A team of researchers was able to use crime scene investigation methods to determine asteroid impact locations on Earth. It is quite challenging to estimate the number asteroids that have struck Earth. The majority of craters have been eroded and eliminated as our planet evolved. Over the course of the last billion years, Earth has been struck by asteroids on multiple occasions. Some of them altered the path that history would take.
Sikhote-Alin is the youngest crater-strewn landscape on our planet. It was formed by an asteroid impact in far-eastern Russia in 1947. There are numerous examples of such asteroid strikes. In the past 11,650 years, just 30 percent of Holocene asteroid impact craters have been found. Preparing for this natural hazard requires analyzing the frequency of these tiny impacts in the past and how they affected the environment.
Researchers at the University of Exeter have excavated trenches in the rims of four craters – Kaali Main and Kaali 2/8 in Estonia, Morasko in Poland, and Whitecourt in Canada. These asteroid craters developed thousands of years apart on two different continents. By analyzing the charcoal surrounding the craters and comparing it to charcoal produced by wildfires, researchers were able to determine the origin of these small craters. Dr. Jüri Plado and Dr. Argo Jeleht from the Institute of Ecology and Earth Sciences at the University of Tartu observed,“Surprisingly, in all of these locations we discovered the same thing: mm to cm sized pieces of charcoal intermixed with material ejected during the formation of the crater and located in the same location.”
Determining Future Asteroid Impact Zones
Dr. Ania Losiak, the lead author of this study from the Institute of Geological Sciences, Polish Academy of Sciences, and the University of Exeter, stated,“The properties of organisms turned into charcoal reflect the conditions in which they were killed.” The impact charcoal appears to have been formed at much lower temperatures than wildfire charcoal, since they lack sections that were created while in direct contact with the flame. Moreover, they are all very similar to one another, whereas in a fire it is common to find heavily charred wood next to branches with minimal damage. “This is definitely not what we expected when we started this study: we think that impact charcoals were formed when fragments of trees shattered by the impact were intermixed with local material ejected from the crater,” Dr Losiak said in a press release.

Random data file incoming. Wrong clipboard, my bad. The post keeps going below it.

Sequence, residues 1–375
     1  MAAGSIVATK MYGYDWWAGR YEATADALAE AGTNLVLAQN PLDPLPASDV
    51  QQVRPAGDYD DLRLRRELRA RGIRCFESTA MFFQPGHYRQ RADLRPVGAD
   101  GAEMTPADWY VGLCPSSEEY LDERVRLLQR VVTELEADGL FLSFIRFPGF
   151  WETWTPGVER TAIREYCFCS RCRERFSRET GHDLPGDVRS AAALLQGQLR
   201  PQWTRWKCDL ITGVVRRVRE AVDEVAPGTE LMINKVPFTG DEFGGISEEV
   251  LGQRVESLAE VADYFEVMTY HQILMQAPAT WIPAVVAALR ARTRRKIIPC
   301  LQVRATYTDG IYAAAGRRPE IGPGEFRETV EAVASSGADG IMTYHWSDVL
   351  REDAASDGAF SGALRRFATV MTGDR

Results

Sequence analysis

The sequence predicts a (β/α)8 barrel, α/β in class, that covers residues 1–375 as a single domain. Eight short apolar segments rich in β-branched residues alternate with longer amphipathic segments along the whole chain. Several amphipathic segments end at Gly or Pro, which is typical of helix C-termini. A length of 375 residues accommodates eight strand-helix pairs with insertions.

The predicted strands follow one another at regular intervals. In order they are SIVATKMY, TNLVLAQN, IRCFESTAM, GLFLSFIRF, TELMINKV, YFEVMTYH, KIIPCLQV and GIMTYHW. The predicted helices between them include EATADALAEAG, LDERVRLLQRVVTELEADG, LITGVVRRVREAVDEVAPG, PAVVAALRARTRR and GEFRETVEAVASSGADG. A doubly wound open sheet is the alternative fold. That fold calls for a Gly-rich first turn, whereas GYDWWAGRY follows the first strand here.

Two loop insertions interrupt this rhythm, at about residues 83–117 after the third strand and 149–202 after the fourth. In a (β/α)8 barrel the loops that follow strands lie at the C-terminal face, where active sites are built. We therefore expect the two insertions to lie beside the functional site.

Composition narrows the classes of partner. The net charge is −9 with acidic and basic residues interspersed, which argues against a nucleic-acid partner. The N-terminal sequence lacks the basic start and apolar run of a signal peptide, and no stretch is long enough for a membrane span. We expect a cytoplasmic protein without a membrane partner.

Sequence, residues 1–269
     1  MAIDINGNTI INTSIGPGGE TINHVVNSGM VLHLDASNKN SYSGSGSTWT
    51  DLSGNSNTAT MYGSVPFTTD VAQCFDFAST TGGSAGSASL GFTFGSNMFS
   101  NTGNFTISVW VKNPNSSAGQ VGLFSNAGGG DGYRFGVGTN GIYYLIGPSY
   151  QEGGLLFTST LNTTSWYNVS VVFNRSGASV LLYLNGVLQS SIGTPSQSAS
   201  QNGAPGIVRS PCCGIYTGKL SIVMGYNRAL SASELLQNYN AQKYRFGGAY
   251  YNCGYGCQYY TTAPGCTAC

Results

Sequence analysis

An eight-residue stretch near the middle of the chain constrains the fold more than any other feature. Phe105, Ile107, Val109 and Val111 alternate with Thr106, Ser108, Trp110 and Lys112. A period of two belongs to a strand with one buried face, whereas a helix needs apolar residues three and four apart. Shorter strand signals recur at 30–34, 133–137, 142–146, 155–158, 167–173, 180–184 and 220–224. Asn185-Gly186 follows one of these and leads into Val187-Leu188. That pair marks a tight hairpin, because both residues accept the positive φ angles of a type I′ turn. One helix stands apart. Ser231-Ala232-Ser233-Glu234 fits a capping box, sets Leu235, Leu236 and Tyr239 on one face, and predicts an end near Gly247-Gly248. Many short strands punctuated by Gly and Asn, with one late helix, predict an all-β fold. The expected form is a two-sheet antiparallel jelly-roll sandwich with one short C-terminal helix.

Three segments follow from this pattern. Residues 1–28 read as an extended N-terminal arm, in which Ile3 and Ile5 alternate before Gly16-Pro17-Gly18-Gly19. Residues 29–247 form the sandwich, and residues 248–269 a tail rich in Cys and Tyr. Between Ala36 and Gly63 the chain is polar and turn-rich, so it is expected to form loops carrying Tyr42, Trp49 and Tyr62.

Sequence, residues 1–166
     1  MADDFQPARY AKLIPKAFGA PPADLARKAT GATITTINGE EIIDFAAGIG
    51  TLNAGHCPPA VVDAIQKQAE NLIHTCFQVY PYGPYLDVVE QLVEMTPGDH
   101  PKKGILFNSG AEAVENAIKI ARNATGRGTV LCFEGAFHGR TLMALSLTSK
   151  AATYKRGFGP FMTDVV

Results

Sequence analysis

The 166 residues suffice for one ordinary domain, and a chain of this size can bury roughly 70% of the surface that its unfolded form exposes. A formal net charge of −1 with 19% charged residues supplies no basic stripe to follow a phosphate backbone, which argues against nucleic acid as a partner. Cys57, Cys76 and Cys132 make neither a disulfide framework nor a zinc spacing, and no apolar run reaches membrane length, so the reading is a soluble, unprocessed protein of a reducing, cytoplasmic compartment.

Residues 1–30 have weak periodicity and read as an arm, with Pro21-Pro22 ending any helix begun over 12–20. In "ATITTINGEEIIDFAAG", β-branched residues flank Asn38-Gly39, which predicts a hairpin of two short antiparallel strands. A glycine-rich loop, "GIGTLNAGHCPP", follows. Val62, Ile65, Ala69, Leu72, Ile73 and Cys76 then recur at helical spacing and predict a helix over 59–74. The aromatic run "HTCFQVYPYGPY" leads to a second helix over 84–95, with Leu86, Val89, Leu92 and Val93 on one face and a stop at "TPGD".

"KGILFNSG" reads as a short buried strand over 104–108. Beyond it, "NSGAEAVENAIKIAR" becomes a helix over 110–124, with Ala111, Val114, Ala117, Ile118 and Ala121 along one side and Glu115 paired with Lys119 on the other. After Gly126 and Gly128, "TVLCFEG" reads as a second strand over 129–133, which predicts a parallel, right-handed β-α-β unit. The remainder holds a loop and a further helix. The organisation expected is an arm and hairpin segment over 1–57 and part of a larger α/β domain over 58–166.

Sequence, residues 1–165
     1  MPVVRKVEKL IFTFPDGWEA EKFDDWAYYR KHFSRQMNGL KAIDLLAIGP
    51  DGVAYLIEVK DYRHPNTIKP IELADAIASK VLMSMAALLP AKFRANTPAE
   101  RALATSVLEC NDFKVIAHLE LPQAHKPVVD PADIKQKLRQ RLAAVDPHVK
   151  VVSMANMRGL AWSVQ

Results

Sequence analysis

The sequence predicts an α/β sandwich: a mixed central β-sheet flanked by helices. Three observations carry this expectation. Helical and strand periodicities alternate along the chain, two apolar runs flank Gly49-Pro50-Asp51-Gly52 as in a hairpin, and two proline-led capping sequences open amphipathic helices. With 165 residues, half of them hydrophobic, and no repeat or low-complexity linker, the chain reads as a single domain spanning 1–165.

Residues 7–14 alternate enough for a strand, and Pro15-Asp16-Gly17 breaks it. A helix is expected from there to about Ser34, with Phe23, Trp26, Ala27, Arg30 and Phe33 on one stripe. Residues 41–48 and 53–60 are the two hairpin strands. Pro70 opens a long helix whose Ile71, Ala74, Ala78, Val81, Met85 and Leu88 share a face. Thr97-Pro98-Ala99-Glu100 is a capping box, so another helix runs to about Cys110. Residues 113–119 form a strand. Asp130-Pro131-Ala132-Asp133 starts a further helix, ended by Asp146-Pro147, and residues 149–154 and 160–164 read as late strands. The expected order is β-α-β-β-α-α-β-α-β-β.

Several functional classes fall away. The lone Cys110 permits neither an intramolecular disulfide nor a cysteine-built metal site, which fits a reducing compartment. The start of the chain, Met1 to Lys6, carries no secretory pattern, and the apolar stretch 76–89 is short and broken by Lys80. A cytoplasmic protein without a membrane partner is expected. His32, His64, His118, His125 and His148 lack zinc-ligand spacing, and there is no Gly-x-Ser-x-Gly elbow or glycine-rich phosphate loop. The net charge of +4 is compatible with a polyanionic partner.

The scientists treated the charcoal from the asteroid craters as evidence from a crime scene. They discovered that the charcoal was not at all similar to that produced by wildfires. The incoming space debris shattered and burnt tree branches. Later on, it was combined with the dirt and other materials dug from the craters’ rims. This study also examines the environmental effects of minor impact craters. In the future, the hope is that scientists will be able to determine the size and type of evacuation zone needed for large asteroids headed for Earth just a few weeks before impact.
Source: University of Exeter, Eureka Alert